There are important differences between the new R25 pathway and the T32 programs that have long been the workhorse mechanisms for supporting medical student and resident research. For example, medical students can undertake either short-term research experiences or research experiences that span an academic year (nine months). Resident-investigators engage in funded research for 12 to 24 months, completed within the residency at 80% effort. In a major shift from the T32 mechanism, resident research activities are no longer constrained to one-year increments and instead have the added flexibility to occur in shorter increments, at a minimum of three consecutive months (Figure 2). Funds are available to support resident research during clinical rotations, to provide for continuity and sustained research effort during the residency training years. Additionally, the R25 will cover tuition for coursework (up to specific dollar limit), whether in a degree-earning program or not. Several questions remain, including how the changes will affect medical students, residents, program directors, and the specialty. To better understand these perspectives, we connected with various stakeholders to discuss the reasons for the changes and potential advantages of the new programs.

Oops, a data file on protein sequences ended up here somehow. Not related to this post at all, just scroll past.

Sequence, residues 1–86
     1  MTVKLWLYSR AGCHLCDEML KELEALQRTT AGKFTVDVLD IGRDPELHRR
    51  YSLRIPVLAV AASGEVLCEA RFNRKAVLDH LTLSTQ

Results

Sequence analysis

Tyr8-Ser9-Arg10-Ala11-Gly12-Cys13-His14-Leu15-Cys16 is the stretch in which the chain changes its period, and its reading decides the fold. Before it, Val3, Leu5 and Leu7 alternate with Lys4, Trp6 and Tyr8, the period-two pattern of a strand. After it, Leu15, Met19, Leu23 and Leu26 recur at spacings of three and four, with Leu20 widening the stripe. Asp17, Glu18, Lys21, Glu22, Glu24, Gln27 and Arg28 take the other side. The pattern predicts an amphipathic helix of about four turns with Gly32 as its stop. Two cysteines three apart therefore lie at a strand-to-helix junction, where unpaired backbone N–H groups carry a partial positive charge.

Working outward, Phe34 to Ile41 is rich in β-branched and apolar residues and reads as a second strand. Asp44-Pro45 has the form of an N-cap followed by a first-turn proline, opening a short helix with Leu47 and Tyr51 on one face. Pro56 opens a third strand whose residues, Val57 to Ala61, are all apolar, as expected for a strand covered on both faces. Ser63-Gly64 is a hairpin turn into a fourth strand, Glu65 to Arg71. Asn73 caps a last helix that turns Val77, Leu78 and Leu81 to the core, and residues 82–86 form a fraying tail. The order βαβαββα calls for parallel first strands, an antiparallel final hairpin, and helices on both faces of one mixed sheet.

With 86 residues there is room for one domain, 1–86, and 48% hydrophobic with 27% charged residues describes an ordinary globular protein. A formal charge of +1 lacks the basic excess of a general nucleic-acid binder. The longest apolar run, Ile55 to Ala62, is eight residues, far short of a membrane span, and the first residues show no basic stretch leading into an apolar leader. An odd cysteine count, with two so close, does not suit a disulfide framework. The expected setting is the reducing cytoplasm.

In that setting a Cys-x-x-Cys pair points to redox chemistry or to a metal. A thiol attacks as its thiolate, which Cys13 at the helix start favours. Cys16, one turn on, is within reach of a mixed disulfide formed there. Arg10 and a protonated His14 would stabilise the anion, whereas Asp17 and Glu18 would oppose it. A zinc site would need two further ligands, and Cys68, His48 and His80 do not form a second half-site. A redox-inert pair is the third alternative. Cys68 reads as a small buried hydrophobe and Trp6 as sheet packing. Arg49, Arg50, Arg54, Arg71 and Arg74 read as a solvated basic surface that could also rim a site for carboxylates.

Figure 2. Comparison of current NIH T32 and new NIH R25.Figure 2. Comparison of current NIH T32 and new NIH R25.

In 2020 Debara L. Tucci, MD, MS, MBA, Director of the NIDCD, and Alberto Rivera-Rentas, PhD, NIDCD research training officer, organized focus groups with T32 directors, department chairs, and clinician-scientists with T32 training to assess the current state of resident research training. Several obstacles were identified (including grants appointments in one-year increments, a one-year pay back agreement for residents, and preset stipends and training-related expenses, in accordance with NRSA policy), providing a rationale for the transition of T32 to a new mechanism of residency research training. Dr. Tucci shared, "We developed the new grant mechanisms to provide otolaryngology residency training programs with the flexibility to tailor programs to their needs and create the best possible residency research training experience.”